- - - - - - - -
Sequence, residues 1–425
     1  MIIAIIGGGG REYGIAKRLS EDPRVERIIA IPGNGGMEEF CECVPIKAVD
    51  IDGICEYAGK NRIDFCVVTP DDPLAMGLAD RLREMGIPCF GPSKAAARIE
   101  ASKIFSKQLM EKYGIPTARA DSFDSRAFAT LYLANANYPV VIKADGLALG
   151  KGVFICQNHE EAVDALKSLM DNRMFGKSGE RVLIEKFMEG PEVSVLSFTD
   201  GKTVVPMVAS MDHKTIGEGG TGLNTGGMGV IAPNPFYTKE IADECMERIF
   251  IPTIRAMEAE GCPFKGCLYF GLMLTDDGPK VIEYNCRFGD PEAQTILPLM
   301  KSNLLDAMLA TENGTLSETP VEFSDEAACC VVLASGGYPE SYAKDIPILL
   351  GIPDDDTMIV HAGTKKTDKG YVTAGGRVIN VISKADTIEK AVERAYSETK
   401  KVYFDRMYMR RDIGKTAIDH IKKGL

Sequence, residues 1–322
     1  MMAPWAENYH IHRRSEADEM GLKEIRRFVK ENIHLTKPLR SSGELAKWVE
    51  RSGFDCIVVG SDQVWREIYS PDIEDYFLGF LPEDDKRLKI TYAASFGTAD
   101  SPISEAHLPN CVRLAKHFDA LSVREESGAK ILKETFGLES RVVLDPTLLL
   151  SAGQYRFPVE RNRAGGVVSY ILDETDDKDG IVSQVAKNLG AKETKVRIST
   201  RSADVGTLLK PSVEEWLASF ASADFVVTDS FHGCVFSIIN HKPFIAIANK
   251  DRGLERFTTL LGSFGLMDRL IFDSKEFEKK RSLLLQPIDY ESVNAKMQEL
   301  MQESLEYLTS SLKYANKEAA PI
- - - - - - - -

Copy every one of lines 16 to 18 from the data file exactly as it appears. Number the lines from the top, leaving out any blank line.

   201  RSADVGTLLK PSVEEWLASF ASADFVVTDS FHGCVFSIIN HKPFIAIANK
   251  DRGLERFTTL LGSFGLMDRL IFDSKEFEKK RSLLLQPIDY ESVNAKMQEL
   301  MQESLEYLTS SLKYANKEAA PI